War on Coal
Posted in the Beckley Forum
#2 Oct 21, 2012
Another good article:
#3 Oct 21, 2012
Between January and June, coal companies in West Virginia, Virginia and Kentucky cut a combined 3,000 jobs. But mines in the Virginias still employed more people at the end of June than at the same points in 2008 and 2010, while Kentucky was only down by 1,000.
That coal faces challenges is a fact. It always has. During warm winters like the last one, for example, demand falls and stockpiles grow.
But what's happening now is more than a seasonal slump or even a response to new regulations.
It's a fundamental shift, and it's likely permanent, as even coal executives say. When St. Louis-based Patriot Coal filed for bankruptcy in July, it didn't mention a war. It said the industry is going through "a major correction," a convergence of "new realities in the market."
#4 Oct 21, 2012
Environmental standards are growing tougher as Americans outside coal country demand clean air and water. Old, inefficient, coal-fired power plants are going offline or converting to natural gas, cutting into a traditional customer base. And that gas poses fierce, sustainable competition, thanks to advanced drilling technologies that make vast reserves more accessible than ever.
Even if the reviled regulations fell away, many experts say, coal's peak has passed.
Thin Appalachian seams won't magically thicken and become easier or cheaper to mine, as the West Virginia Center on Budget & Policy notes. Production in the East has been already falling for more than a decade, first surpassed by Western states like Wyoming in 1998.
Now, even those states are struggling as domestic demand dwindles. U.S. coal production plummeted 9.4 percent between the first and second quarters of 2012.
By the end of the year, coal is expected to account for less than 40 percent of all U.S. electricity production, the lowest level since the government began collecting data in 1949. By the end of the decade, it may be closer to 30 percent.
Operators are adjusting to survive.
#5 Oct 21, 2012
Obama is an easy target. He armed his opponents during a 2008 campaign interview that touched on global warming.
"If somebody wants to build a coal-powered plant, they can," he said. "It's just that it will bankrupt them because they are going to be charged a huge sum for all that greenhouse gas that's being emitted."
He now espouses an "all of the above" energy strategy that includes a role for coal. But after he took office, the EPA provided more weapons to his critics.
It rolled out tough new air pollution standards, some of which had begun under the previous, Republican administration. It vetoed a permit for a massive West Virginia mountaintop removal mine four years after it was issued by the Army Corps of Engineers, triggering a federal court battle that's still playing out.
And EPA cracked down on the permitting process for mountaintop mining, a highly efficient and highly destructive form of strip mining unique to Appalachia. The practice of flat-topping mountains, then filling valleys and covering streams with rubble has divided communities and led to multiple confrontations between coal miners and environmental activists.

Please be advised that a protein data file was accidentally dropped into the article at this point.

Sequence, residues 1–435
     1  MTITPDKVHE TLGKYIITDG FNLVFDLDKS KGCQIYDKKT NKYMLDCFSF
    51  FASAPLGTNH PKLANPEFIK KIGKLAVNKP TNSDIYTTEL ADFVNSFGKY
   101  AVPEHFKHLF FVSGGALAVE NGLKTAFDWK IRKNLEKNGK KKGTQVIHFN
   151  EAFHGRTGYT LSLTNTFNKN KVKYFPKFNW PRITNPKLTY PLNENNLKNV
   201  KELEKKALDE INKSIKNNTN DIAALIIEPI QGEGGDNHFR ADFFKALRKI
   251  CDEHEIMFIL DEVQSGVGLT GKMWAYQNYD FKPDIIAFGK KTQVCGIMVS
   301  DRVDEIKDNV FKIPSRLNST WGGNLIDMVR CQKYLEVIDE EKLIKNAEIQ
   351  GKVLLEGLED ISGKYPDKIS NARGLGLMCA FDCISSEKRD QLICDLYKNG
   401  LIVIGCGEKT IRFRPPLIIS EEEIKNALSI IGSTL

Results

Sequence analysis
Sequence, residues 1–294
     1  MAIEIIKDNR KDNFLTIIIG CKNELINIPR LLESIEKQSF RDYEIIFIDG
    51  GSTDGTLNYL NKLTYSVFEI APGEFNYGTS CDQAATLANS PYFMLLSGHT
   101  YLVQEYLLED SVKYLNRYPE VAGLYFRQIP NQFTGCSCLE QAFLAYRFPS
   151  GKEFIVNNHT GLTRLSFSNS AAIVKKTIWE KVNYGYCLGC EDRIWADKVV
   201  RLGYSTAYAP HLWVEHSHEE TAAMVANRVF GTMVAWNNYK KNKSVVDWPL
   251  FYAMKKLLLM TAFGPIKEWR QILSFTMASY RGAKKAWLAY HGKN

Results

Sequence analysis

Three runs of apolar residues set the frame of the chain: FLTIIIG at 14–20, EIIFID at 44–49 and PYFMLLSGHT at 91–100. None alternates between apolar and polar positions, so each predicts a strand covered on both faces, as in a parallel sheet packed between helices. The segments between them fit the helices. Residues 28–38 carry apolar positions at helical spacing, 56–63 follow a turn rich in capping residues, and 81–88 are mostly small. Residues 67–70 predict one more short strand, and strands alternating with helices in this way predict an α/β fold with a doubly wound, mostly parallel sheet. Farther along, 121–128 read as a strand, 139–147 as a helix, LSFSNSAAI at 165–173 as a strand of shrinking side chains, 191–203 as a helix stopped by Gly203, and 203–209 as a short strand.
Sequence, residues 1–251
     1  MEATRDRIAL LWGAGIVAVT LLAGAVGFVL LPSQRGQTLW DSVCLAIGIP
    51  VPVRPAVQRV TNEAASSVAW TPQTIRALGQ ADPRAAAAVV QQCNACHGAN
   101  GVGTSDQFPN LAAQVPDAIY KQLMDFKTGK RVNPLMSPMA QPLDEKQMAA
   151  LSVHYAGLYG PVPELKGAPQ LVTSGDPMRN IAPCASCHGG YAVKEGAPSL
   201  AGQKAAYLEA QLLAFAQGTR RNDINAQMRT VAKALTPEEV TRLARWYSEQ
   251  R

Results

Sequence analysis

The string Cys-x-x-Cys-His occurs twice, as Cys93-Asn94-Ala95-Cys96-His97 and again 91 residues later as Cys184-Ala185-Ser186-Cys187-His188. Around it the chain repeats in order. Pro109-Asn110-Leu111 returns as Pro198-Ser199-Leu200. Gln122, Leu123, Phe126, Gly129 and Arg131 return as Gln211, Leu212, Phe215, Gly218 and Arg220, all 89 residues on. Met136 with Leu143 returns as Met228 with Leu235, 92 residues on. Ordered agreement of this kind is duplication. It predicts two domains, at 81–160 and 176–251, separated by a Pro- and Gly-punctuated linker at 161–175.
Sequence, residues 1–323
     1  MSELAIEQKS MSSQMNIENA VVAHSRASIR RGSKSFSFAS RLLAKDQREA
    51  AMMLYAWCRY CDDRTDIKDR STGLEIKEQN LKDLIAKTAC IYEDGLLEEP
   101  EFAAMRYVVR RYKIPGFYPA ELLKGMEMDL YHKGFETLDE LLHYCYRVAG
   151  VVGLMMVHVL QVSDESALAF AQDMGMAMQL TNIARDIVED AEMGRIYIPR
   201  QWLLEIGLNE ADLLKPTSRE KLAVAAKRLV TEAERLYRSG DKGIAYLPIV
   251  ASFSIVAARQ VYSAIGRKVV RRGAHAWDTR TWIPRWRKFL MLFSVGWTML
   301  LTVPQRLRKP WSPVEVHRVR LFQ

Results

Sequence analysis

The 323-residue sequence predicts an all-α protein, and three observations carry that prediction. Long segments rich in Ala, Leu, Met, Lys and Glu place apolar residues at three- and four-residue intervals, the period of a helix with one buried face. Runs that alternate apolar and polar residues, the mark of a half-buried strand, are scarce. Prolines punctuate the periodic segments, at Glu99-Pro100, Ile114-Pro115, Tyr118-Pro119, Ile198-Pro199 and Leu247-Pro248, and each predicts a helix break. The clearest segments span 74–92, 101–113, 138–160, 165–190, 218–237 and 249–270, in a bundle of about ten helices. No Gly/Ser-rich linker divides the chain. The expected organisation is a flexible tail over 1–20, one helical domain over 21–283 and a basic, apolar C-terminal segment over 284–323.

"I know we need the EPA to keep our laws," says Allen Gibson, a disabled surface miner from Elkhorn City, Ky., who recently helped organize a United for Coal demonstration that stretched across several states. "But instead of telling the companies what to do to fix a problem, they shut the whole thing down."
The EPA, he says, just wants to collect fines.
"But when they do that, the miners lose," Gibson says. "I'm sick of seeing the little guy pay."
During the permitting dispute in 2010, companies crammed miners onto buses and packed public hearings, forging a formidable alliance of management and labor that drowned out the environmentalists.
"They have completely turned the men on their heels," says Nick Mullins, a 33-year-old former miner from Clintwood, Va., who blogs about coal country as The Thoughtful Coal Miner.
"They're paying them better, and they've managed to really win the hearts and minds," he says. Younger miners "didn't see how bad the coal companies were to the men before them.... They don't know their own history.
"The industry has done this really, really good propaganda," he says. "It's really easy to buy into it, especially when you only hear one side of the story and you're shutting out the other side."
West Virginia University history professor Ken Fones-Wolf says coal companies have also tapped into a proud heritage, heading off any potential opposition miners might have by reminding them they are valuable family providers.
"They feel that being against coal somehow denigrates all the sacrifices that generations of their families have made to the development of this nation."
#6 Oct 21, 2012
"The idea of taking land in a moving front, there's something there," says Bill Bissett, president of the Kentucky Coal Association.
"Yes, it's part of a PR campaign," he acknowledges. "But people are pretty jaded and pretty quick to recognize false arguments. The idea that we somehow hoodwinked people in the coalfields is a bit of a stretch.
"It's not just some PR machination," Bissett says. "It is a real, real concern."
In Kentucky, more than 55,000 people now drive vehicles with "Friends of Coal" license plates, a slogan that Bissett helped launch to get people emotionally invested. Instead of seeing the industry as faceless men in suits, they see the pickups next to them at the supermarket parking lot, the tags instantly identifying the like-minded.